Rebooting Medal Of Honor
May 4, 2010 Page 2 of 3
Would you say that a lot of the fault for Medal of Honor's fall lies within EA itself, as well as the innovation that these competitors are coming up with?
FG: At the same time that MOH was falling on tough times, Battlefield 2 had shipped and was really showing some innovation. So it wasn't really an EA thing, but that [the MOH] franchise in particular was having some challenges.
But with regards to the Battlefield franchise, at the same time, they had come out with Battlefield 1942 which was a PC shooter, the Battlefield 2 franchise, and we started to lay the tracks for Bad Company 1, and recently we had success with Bad Company 2.
In this business, it takes time for teams to gel, and getting them through a couple versions of the game is really where you get to maximum quality and big ideas. These guys are going to build this over time, and it's part of our strategy to take back the shooter category.
How will Medal of Honor break through the noise in such a competitive market? Will there be more marketing? What will EA do to put in consumers' heads that Medal of Honor is back?
FG: I've always had a philosophy in the games business that you have to win the core first. You have to be seen as quality, legitimate, and relevant for gamers, then you build out from there, and that's where you pick up the mass market.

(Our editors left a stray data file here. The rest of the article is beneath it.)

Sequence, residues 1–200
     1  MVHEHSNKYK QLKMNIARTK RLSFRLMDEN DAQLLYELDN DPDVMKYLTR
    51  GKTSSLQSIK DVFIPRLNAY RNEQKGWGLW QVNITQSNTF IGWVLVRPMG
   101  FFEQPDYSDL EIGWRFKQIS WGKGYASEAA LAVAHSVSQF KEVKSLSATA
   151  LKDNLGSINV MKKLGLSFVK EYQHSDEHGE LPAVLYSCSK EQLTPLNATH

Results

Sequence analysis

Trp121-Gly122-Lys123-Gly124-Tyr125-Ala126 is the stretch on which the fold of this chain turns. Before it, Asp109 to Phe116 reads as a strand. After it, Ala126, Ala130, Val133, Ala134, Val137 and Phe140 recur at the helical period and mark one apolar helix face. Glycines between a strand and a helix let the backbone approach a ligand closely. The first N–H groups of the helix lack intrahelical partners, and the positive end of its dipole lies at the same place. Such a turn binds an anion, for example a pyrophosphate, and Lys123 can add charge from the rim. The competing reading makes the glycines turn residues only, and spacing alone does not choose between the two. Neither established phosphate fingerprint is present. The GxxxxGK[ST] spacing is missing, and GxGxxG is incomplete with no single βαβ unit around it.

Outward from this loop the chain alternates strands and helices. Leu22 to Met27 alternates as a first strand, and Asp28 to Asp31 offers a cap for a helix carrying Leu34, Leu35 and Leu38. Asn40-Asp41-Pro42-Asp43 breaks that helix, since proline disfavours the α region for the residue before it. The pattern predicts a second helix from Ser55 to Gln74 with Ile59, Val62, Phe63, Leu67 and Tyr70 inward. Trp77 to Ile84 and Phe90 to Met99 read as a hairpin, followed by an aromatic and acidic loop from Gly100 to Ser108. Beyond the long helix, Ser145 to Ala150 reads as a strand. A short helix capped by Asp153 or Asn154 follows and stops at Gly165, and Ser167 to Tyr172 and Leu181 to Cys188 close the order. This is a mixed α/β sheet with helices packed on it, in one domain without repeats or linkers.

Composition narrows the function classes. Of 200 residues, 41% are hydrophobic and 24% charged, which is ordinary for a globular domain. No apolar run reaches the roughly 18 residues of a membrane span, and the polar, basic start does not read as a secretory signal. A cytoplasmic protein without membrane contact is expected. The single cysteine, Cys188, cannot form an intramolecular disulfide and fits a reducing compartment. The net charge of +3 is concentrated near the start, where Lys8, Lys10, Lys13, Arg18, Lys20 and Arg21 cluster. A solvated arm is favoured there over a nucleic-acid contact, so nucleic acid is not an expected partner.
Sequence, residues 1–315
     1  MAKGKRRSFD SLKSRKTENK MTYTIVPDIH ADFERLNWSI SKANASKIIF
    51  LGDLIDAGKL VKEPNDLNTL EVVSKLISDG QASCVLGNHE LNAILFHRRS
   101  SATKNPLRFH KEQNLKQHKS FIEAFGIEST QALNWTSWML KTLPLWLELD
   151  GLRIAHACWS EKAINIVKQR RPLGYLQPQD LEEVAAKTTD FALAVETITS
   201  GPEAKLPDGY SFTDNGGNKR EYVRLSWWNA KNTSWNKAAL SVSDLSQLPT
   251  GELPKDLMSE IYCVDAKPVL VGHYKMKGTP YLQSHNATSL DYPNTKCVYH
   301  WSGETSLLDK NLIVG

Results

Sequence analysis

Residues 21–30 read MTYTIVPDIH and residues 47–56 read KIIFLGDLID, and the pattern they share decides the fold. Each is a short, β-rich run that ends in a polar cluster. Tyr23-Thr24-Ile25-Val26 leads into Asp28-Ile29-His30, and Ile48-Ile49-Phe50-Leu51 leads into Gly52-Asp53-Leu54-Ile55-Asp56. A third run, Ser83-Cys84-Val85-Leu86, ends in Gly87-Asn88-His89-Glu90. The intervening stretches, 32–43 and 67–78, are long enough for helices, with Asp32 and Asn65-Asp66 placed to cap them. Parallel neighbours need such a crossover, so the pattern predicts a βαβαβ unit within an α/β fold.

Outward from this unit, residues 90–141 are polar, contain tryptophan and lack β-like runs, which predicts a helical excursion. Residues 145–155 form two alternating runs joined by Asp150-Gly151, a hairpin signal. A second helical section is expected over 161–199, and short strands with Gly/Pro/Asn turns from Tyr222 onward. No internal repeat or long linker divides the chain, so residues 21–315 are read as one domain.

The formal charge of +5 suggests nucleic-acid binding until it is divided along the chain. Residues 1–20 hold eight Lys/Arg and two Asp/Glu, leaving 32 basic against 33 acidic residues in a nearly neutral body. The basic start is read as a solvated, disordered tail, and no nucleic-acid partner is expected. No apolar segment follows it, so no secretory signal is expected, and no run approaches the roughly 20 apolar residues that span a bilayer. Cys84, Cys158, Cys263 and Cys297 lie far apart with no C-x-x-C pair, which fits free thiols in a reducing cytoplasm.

What we've been doing over the last couple months and what we'll be doing in the summer is really appealing to the core shooter fans, that they know that Medal of Honor is coming, it's a quality product, it's kick-ass, it's got all the features and story they want.
At the same time, we're laying the groundwork for a true mass-market campaign. It'll be a big launch with a lot of dollars behind it. We're going to go in and we're going to compete.
Overall, it's not just Medal of Honor this year. We're also looking at the sci-fi subgenre, we've got relationships with both Crytek and Epic, two of the most incredible developers in the world that are creating shooter products for us as well. From an overall shooter portfolio standpoint, we fully intend to go into the shooter category to shake it up.
Do you feel like what's happened at Infinity Ward and the new Respawn has put you in a really good position to take over from Activision, which has ruled that category?
FG: They certainly have. Infinity Ward, what they were was a spectacular development organization. Jason [West] and Vince [Zampella, Infinity Ward heads] and their team there clearly created and did things in the entertainment business that have never been done for in gaming. So lots of respect to them. Those guys are big players.
The fact that we were able to take advantage of an opportunity that came our way and partner with Respawn and create a relationship with them has been spectacular, something that we're very excited about. It's a key part of how we're growing our EA Partners business going forward.
That was something that fell into our laps, after they were terminated and announced they were free and independent, and we went for it. The fact that those guys are doing what they're doing, we're very excited.
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